"For a long time, Miles Davis and I had been trying to get together for a blindfold session. I was determined that when the interview did take place, it would be something out of the ordinary run of blindfold tests; and that's just the way it turned out.
Every record selected was one that featured at least two trumpet players. As you will see, this selection of material did not faze Miles.
Miles was given no information whatever, either before or during the test, about the records played for him."
I like the difference to Monk's blind reviews from the same collection. Monk is much more circumspect in what he says and really refuses to engage in negativity. I really love his restraint.
NB: recognising another instrumentalist by ear isn't the wildly special part; I've spent some time around professional musicians and for many the subtleties in phrasing and tone &c are as distinctive and intuitively unique as someone's face, and especially so of a contemporary on the same instrument, so I'd be more surprised if he couldn't. The fun part for me is the encyclopedic scope of Miles's knowledge, and the pithy opinions they inform.
Take for instance his comments on Dolphy, who was by then already considered very gifted by the likes of Charles Mingus and John Coltrane:
That's got to be Eric Dolphy - nobody else could sound that bad! The next time I see him I'm going to step on his foot. You print that. I think he's ridiculous. He's a sad motherfucker.
Then the irony
Carter, Hancock and Williams would go on to become one of the quintessential rhythm sections of the decade, both together on their own albums and as the backbone of Miles Davis's second great quintet. This aspect of the second great quintet is an ironic footnote for Davis, who was critical of Dolphy's music: in a 1964 Down Beat "Blindfold Test", Miles quipped: "The next time I see [Dolphy] I'm going to step on his foot." However, Davis new quintet's rhythm section had all worked under Dolphy, thus creating a band whose brand of "out" was strongly influenced by Dolphy.
For GP, based on the novel "Uncle Tom's Cabin" . The book was abolitionist, but a quick read through of the wiki should give some background on why the title characters name is now a slur.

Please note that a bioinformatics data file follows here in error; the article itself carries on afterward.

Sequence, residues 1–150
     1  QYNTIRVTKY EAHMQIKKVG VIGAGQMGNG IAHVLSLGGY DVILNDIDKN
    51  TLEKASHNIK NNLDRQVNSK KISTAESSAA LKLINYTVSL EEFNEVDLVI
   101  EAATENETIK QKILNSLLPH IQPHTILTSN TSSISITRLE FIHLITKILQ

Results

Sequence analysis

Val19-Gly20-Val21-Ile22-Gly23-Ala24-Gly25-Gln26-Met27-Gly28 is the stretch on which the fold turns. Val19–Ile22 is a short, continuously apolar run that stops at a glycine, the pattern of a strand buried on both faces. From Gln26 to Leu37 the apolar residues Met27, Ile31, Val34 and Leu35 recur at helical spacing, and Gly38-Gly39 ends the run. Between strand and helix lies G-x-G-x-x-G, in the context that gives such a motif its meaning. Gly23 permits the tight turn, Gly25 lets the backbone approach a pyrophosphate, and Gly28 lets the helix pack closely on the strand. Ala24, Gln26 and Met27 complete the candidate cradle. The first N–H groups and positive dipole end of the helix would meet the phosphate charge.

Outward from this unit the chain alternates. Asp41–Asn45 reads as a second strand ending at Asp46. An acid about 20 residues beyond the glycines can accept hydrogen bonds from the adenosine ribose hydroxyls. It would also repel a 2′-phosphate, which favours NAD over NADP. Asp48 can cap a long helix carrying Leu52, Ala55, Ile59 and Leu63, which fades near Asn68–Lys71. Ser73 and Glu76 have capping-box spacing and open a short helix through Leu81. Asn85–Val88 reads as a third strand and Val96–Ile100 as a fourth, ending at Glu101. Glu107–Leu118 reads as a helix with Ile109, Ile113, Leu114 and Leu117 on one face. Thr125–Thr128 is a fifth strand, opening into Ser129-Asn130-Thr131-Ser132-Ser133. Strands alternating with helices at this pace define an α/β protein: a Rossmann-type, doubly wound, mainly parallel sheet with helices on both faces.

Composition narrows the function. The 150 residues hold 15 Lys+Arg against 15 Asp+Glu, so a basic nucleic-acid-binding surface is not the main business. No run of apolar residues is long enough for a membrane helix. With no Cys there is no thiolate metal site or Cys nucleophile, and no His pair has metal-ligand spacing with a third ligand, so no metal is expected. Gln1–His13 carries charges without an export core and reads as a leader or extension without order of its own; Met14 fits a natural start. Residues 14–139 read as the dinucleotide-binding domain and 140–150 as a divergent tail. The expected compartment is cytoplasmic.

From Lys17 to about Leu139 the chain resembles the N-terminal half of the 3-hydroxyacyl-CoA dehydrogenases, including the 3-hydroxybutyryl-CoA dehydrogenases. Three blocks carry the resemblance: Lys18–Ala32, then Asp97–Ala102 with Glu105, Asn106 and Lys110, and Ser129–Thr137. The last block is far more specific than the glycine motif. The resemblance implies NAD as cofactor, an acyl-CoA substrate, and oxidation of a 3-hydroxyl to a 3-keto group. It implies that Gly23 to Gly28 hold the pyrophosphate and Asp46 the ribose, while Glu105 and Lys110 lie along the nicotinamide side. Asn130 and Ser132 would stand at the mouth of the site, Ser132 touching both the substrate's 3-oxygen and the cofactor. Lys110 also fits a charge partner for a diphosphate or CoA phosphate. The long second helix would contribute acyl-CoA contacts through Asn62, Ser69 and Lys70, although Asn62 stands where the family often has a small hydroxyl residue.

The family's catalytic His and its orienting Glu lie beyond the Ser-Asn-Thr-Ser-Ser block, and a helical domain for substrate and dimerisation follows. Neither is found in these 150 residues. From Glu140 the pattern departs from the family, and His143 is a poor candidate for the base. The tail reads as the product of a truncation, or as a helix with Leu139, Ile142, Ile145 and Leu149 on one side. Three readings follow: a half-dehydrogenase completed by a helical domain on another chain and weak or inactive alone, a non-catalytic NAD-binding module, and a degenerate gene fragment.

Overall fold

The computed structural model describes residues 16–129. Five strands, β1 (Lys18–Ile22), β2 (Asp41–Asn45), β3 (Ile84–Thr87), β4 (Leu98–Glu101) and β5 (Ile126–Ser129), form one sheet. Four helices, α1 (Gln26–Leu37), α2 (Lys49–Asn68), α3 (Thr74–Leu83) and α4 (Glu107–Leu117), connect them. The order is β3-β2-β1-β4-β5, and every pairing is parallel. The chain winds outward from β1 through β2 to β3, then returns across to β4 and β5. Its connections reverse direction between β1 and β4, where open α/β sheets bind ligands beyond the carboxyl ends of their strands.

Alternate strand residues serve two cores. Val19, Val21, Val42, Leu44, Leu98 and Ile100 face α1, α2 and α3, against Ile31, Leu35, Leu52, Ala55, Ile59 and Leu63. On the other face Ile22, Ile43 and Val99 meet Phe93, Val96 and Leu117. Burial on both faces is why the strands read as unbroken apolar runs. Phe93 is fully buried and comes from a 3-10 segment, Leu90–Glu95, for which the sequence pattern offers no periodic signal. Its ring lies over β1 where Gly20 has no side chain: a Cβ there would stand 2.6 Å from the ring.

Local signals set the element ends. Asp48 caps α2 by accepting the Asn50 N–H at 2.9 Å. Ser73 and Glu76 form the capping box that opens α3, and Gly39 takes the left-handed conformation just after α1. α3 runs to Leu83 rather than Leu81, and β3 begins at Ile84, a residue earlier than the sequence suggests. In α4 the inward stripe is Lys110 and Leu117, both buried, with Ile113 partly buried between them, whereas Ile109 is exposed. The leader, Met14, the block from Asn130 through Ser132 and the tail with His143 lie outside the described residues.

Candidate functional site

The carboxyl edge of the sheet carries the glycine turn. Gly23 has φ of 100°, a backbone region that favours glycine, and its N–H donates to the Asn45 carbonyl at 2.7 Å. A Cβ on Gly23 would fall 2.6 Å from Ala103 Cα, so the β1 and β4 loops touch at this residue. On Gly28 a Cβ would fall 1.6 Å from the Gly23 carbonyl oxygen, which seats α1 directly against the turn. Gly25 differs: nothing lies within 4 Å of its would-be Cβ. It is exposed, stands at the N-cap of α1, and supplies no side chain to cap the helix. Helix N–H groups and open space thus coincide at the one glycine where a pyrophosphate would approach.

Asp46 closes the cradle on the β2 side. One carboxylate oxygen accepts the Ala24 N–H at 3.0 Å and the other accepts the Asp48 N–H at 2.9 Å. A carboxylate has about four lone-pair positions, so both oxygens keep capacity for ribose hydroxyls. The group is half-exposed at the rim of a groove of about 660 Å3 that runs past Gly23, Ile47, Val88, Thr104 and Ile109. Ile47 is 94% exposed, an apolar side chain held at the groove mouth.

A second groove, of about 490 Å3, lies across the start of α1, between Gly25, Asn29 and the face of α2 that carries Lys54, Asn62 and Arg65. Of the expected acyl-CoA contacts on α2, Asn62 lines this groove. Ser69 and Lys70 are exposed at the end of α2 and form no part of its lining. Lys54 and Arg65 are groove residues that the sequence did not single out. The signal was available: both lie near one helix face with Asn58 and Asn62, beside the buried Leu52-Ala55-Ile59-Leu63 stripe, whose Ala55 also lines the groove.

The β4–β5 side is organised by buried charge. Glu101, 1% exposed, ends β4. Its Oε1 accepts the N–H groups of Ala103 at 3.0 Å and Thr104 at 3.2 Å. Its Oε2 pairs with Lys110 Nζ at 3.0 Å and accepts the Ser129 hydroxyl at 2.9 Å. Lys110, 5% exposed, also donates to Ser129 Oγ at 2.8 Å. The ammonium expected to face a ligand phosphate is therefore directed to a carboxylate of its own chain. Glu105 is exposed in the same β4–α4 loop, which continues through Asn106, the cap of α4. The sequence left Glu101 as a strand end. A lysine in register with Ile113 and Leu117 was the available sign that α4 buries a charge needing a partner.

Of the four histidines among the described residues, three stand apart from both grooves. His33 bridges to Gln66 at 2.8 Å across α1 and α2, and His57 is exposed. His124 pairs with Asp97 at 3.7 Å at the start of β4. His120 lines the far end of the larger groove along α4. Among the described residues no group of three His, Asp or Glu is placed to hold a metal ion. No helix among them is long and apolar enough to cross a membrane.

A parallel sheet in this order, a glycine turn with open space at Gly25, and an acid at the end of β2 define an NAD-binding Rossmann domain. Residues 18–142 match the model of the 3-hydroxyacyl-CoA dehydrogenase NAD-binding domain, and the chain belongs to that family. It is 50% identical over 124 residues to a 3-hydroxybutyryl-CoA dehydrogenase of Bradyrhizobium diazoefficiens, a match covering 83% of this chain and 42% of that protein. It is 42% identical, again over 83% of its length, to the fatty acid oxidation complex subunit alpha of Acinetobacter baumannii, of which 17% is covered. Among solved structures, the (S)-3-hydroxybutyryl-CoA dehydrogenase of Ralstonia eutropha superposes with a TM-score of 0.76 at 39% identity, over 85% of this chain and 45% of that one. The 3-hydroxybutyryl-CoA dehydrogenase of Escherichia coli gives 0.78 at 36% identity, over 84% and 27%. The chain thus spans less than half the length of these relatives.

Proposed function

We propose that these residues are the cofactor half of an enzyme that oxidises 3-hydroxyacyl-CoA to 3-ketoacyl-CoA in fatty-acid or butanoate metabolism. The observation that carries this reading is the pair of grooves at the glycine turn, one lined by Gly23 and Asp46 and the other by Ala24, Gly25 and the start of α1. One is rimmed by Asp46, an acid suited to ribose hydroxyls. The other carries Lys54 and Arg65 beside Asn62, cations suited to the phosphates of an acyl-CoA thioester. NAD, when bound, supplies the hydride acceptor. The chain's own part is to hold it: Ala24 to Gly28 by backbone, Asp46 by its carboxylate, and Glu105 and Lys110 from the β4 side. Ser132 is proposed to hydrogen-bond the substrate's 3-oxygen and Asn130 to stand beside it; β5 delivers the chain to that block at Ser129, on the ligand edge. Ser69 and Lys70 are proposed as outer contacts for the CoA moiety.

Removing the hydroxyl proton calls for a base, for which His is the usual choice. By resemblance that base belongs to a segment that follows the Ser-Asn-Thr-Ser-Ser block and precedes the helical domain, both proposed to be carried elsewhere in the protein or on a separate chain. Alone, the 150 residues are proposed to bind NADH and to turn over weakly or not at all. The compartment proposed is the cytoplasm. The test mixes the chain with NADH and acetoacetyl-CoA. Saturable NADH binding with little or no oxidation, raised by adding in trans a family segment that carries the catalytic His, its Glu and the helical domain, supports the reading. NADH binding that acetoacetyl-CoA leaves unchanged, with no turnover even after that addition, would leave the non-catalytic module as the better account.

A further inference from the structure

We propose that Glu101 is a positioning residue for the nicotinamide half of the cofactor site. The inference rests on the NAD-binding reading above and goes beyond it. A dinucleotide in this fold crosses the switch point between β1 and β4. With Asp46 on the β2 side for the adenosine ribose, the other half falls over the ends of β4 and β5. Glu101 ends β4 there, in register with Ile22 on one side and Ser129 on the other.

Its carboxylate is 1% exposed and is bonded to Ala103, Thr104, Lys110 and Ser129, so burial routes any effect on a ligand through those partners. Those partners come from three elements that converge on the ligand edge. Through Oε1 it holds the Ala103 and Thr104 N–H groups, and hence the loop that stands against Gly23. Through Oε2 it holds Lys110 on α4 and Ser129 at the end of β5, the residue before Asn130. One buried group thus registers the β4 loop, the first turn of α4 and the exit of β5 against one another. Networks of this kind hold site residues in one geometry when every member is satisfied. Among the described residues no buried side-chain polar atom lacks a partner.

All these can be found through SugarMegs search page http://tela.sugarmegs.org/
For best possible audio/video quality, join DIME torrents, which is where SugarMegs gets its stuff. http://www.dimeadozen.org/
Warning: If you're new to SugarMegs, prepare to lose a few days of your life. They have so much great stuff. Also, if you come across a set list that you can improve significantly (like you know all the song names), send them an updated HTML set list file, they really appreciate it.
Oh noes! Hope they reopen soon!
SugarMegs seems to have just about all the audio that DIME has anyway, and at very decent quality. It's mostly not great quality audio to begin with. But DIME does have video too! Most things I would've wanted on there, I was already very familiar with thanks to SugarMegs. I've joined DIME a few times, and the same thing happened each time—I download a lot of stuff, then you can't download more until your ratio is >=0.25, which can take a few months, so I seed as much as I can for months...and then before I get around to visiting again they boot you off because you haven't logged into the site in 3 months.
Miles was an extremely gracious person.
His on-stage and off-stage persona are so gruff... to the point, tell it like it is, take no shit, accept only the best work from people around you. But in interview after interview, he deflects personal credit and always (always!) raises up the young musicians around him. I never realized that selflessness.
A legend is an old man with a cane known for what he used to do. I'm still doing it.
-- On being called a "legend." Miles Davis, 1991.
I had kind of written him off after his "Let's Dance" sellout period I regret it. The second half of his career compliments the first half.
Beware of bugs in the above code; I have only proved it correct, not tried it.
-- Donald Knuth, 1977.
Here, go read Nat Hentoff’s interview with Miles from 1958 instead: https://www.jazzstudiesonline.org/files/jso/resources/pdf/JR... [pdf]
yes, the great music critic Tyler Cowen. No offense, but why is his opinion even relevant here? How is he qualified, compared to someone who either composes jazz or is a professional music critic?
For a group where we talk often about frameworks and architecture, and ponder the dividing line between a platform and an application, perhaps it's worth seeing parallels in the field of music. Miles Davis wasn't just one of the greatest musicians of all time, he was also one of the great architects of music, and Kind of Blue a shining example.